For advocates, bringing a bike-sharing program to Los Angeles has been a long, rough road, and some residential properties are tired of waiting.
One Santa Fe, a residential complex in the Arts District designed by architect Michael Maltzan, has begun offering residents the option to borrow bikes as an amenity. People who live in the building can now check out a bike at the concierge desk (along with a lock and detachable front and rear lights). Each of the 50 colorful beach cruisers available features a basket, carrier rack, and cup holder. Riders are then free to roam the area, so long as they return the equipment within 24 hours. The bike-share program is the largest created by a private company in the U.S.
Since the boxy, white, and red structure—which stretches longer than the height of the Empire State Building at a quarter mile wide—opened in September, creating a pedestrian-friendly environment for tenants has been a top priority. One Santa Fe has an open, street-level entrance, is served by the DASH bus, and is near the Metro Gold line, making transportation in the district and nearby Downtown a cinch.
Implementing bike sharing on a larger scale, however, hasn’t proved easy for the city. A plan to bring bikes to L.A. in 2013 fell through, and efforts to bring the project back have been slow-going. A cycling program came back into the city’s sights last year when the Metropolitan Transportation Authority started seeking bids to create a countywide system. Metro has been reviewing proposals since January and expects to announce a contract in June, with hopes to have Angelenos pedaling by spring 2016.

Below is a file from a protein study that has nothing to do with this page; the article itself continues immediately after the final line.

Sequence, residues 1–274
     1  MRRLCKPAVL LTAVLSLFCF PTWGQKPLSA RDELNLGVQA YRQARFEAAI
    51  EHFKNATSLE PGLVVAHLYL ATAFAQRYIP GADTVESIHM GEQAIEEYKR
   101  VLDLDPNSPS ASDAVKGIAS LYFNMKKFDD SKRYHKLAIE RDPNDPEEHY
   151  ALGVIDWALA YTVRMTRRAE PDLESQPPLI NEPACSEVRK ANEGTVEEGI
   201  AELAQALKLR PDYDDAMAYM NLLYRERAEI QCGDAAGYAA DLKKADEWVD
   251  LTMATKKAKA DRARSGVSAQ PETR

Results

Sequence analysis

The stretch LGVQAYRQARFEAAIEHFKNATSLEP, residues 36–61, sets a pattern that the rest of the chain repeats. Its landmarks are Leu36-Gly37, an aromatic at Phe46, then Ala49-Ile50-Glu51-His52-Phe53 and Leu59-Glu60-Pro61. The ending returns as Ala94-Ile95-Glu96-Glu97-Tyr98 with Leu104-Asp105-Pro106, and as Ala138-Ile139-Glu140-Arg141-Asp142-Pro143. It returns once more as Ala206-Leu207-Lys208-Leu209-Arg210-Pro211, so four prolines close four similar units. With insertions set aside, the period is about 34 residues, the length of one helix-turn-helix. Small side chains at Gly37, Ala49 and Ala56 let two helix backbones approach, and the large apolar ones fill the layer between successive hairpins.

The program, which is funded for a two-year trial run, would be centered in Downtown initially and feature about 1,000 bikes at 65 stations in the area. If successful, Metro said the program could expand to nearby areas and could potentially grow to include about 3,800 bikes.
Although the bikes aren’t here yet, the state has proposed a bill to make cyclists safer. California could become the first state to require bikers to wear helmets with Senate Bill 192, which would impose a $25 base fine on adults who ride without headgear. Some California bike advocacy groups oppose the bill because it makes bicycles seem more dangerous and might discourage people from choosing to travel on two wheels. Plus, since helmets aren’t provided through bike-sharing programs in other cities such as San Diego and San Francisco, activists worry commuters won’t take advantage of them. A vote on the bill is expected to take place this spring.